9. Readiness to adopt e-learning: pioneering a course in school librarianship education

    Directory of Open Access Journals (Sweden)

    Sandy Zinn

    2009-01-01

    Full Text Available E-learning has come of age in South African higher education but scepticism, caution and an inadequate reward system for innovative teaching methods have resulted in a slow uptake by academics. Within this milieu the author pioneered a course in the ACE School Librarianship programme. The study describes the e-learning experiences of the course participants gleaned from questionnaire responses to questions related to experiences of ICTs, the Internet and online learning, ability to navigate the e-learning environment, utilization of elements of the learning management system and implementation of course ideas in their respective schools and personal lives. The study also provides an opportunity for the author to reflect on her pioneering experiences with e-learning and how she would approach it differently next time. The main lessons learned were that 1 the e-learning environment is not necessarily intuitive and participants need opportunities to digest novel features such as the discussion forum; 2 several of the advantages and disadvantages of e-learning that appear in the research literature are identified in this study; and 3 setting up an e-learning course is best achieved incrementally.

  10. LGBTQ Inclusion in Educator Preparation: Getting Ready for Gender and Sexual Diversity in Secondary School Settings

    Science.gov (United States)

    Hoelscher, Mary Helen

    While many lesbian, gay, bisexual, transgender, and queer (LGBTQ) students are able to resiliently navigate their public school education many others experience harsh school climates and negative health and educational outcomes. Harassment and bullying of LGBTQ students in school environments have been linked to numerous negative psychological and academic outcomes for students diverse in sexual orientation and/or gender identity. Preparing teacher candidates (TCs) to respond effectively to harassment and bullying of students and to create inclusive curriculum has been recommended to improve outcomes for students. Yet the development of these teaching practices has not been pursued broadly in educator preparation programs (EPPs) or specifically in science EPPs (SEPPs). This dissertation broadens the notion of diversity traditionally attended to in EPPs through three studies. The first study is a holistic single-case study of an LGBTQ-inclusive EPP. It focused on the following three research questions: What were the contextual features that surrounded the LGBTQ-inclusive EPP? What were the specific elements of LGBTQ inclusion in the EPP? And, what were the strengths and weaknesses of the LGBTQ-inclusive EPP? This study drew primarily from data collected from interviews with faculty and administrators in a large post-baccalaureate 5th year preparation for licensure program. Document analysis was used to triangulate and expand upon the data collected during the interviews. A framework for analyzing LGBTQ inclusion across the components of an EPP was developed as part of this study. This study has direct implications for the particular EPP, but also clarifies research needs around LGBTQ inclusion in secondary EPPs. While little has research exists about LGBTQ inclusion in EPPs, far less has been attempted and understood in the discipline of secondary life science. The second study thus narrows its focus from the particulars of LGBTQ inclusion in an EPP to the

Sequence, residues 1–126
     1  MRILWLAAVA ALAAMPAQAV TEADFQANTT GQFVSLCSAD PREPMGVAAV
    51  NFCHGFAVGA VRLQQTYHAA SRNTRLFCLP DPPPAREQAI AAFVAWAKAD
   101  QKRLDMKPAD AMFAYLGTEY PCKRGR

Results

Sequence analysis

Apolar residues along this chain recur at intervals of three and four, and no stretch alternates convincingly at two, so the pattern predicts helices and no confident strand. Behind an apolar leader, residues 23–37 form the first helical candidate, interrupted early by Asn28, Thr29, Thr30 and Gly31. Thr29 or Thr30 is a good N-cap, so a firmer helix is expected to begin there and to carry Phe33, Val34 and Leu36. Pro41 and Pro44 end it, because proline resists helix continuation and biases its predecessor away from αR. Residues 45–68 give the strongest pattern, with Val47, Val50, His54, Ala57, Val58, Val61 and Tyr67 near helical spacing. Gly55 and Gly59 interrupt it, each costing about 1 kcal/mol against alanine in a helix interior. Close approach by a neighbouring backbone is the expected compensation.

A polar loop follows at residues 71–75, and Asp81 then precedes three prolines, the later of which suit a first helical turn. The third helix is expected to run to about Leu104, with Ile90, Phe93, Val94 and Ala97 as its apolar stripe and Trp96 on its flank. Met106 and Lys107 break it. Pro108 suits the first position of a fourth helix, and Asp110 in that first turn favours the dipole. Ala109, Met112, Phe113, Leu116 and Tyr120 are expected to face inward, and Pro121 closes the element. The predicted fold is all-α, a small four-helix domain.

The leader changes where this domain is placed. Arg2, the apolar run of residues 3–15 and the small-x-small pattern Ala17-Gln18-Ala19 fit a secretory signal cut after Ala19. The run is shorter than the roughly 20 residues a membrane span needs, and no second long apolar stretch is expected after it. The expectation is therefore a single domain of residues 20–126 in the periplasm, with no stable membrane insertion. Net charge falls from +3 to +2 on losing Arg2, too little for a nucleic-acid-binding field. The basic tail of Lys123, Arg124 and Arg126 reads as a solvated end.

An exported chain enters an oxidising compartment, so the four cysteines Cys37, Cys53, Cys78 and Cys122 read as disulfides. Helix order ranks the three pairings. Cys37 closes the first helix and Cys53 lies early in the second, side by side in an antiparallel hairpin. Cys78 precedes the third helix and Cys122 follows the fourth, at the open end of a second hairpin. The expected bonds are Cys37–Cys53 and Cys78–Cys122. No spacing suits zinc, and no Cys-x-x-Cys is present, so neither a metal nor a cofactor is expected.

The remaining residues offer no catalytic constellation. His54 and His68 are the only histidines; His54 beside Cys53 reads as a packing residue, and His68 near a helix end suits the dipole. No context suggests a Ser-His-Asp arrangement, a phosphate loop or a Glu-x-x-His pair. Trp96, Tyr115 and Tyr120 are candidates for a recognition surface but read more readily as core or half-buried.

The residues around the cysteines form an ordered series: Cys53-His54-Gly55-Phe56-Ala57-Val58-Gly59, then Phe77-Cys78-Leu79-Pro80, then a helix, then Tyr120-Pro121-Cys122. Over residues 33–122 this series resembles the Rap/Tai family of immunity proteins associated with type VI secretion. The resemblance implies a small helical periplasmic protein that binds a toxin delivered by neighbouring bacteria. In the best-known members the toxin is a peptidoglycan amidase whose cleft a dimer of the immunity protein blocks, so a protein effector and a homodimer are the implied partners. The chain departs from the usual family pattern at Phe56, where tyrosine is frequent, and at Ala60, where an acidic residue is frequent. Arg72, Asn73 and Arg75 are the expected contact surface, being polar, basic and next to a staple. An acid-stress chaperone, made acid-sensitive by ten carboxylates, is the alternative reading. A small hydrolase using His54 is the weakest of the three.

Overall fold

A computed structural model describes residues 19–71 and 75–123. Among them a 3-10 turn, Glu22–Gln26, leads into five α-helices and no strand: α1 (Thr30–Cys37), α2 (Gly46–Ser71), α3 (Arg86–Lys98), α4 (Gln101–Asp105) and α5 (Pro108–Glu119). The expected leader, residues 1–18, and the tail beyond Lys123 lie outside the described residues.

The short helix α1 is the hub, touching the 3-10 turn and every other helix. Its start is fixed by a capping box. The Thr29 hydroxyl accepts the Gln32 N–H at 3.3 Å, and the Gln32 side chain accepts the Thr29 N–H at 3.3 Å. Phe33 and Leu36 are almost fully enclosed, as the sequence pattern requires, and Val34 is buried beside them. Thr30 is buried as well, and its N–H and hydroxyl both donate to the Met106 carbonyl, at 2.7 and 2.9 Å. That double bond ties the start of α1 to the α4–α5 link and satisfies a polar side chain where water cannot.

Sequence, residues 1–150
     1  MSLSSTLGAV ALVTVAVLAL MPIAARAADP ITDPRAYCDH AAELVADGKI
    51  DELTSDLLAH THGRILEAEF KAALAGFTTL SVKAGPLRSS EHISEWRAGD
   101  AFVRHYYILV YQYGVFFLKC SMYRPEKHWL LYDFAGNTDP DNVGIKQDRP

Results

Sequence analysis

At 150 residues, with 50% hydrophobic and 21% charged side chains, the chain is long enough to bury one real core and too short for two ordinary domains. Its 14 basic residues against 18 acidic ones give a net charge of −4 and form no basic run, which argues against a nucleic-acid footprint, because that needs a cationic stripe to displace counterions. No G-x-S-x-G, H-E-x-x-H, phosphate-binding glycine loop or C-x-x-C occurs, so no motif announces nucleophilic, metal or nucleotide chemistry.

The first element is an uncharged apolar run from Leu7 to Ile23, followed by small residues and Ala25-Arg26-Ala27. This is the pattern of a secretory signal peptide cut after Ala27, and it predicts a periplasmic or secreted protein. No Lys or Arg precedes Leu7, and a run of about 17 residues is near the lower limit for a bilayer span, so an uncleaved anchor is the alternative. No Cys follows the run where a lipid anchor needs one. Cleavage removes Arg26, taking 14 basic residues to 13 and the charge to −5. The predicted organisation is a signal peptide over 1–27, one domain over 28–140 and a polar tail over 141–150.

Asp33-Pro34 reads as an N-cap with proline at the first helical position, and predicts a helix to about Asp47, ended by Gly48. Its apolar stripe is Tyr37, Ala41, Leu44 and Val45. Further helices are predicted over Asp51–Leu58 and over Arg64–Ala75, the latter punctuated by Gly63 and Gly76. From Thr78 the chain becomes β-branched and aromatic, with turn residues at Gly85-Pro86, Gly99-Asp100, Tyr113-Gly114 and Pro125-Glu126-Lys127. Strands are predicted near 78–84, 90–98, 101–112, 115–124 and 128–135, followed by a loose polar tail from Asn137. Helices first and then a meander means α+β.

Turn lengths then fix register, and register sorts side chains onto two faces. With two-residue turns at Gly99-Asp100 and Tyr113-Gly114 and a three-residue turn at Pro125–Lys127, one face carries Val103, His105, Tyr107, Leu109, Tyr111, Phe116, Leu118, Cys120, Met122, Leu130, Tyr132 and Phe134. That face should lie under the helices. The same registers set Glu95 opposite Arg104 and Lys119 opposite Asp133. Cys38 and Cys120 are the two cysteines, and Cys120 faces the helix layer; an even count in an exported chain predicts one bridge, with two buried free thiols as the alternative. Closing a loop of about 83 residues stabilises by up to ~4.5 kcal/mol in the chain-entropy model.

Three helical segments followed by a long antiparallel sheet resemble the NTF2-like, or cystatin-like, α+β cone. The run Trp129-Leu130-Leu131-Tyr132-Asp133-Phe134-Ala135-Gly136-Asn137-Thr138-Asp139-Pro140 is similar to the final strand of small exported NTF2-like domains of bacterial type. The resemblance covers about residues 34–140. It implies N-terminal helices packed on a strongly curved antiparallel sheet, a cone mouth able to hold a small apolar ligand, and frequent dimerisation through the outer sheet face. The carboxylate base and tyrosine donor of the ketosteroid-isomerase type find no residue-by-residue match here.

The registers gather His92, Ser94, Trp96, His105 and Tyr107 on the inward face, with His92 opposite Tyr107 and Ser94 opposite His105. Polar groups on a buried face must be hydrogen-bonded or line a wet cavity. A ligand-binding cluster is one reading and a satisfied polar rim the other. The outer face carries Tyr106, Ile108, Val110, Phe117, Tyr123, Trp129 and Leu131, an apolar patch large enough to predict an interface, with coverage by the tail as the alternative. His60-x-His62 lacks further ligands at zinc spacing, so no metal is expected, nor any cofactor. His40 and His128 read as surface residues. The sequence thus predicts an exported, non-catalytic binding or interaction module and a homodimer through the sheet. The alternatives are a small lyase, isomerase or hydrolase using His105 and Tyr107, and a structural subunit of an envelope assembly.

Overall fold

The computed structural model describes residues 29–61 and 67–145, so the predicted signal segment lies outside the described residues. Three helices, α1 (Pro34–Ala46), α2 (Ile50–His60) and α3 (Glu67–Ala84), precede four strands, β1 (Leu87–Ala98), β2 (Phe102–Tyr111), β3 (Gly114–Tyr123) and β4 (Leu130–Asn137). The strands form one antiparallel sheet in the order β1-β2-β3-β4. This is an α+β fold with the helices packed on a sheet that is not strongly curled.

11. Impacts of a Comprehensive School Readiness Curriculum for Preschool Children at Risk for Educational Difficulties

    Science.gov (United States)

    Lonigan, Christopher J.; Phillips, Beth M.; Clancy, Jeanine L.; Landry, Susan H.; Swank, Paul R.; Assel, Michael; Taylor, Heather B.; Klein, Alice; Starkey, Prentice; Domitrovich, Celene E.; Eisenberg, Nancy; Villiers, Jill; Villiers, Peter; Barnes, Marcia

    2015-01-01

    This article reports findings from a cluster-randomized study of an integrated literacy- and math-focused preschool curriculum, comparing versions with and without an explicit socioemotional lesson component to a business-as-usual condition. Participants included 110 classroom teachers from randomized classrooms and approximately eight students…

  12. The Relationship between the Duration of Preschool Education and Primary School Readiness

    Science.gov (United States)

    Polat, Özgül; Yavuz, Ezgi Aksin

    2016-01-01

    Early childhood experiences have a great effect on the course of a child's life. Preschool education can offer benefits for children, particularly those who do not have advantages at home, including benefits related to academic skills, social-emotional development, and communication. Thus, preschool experiences are a potential key to improving…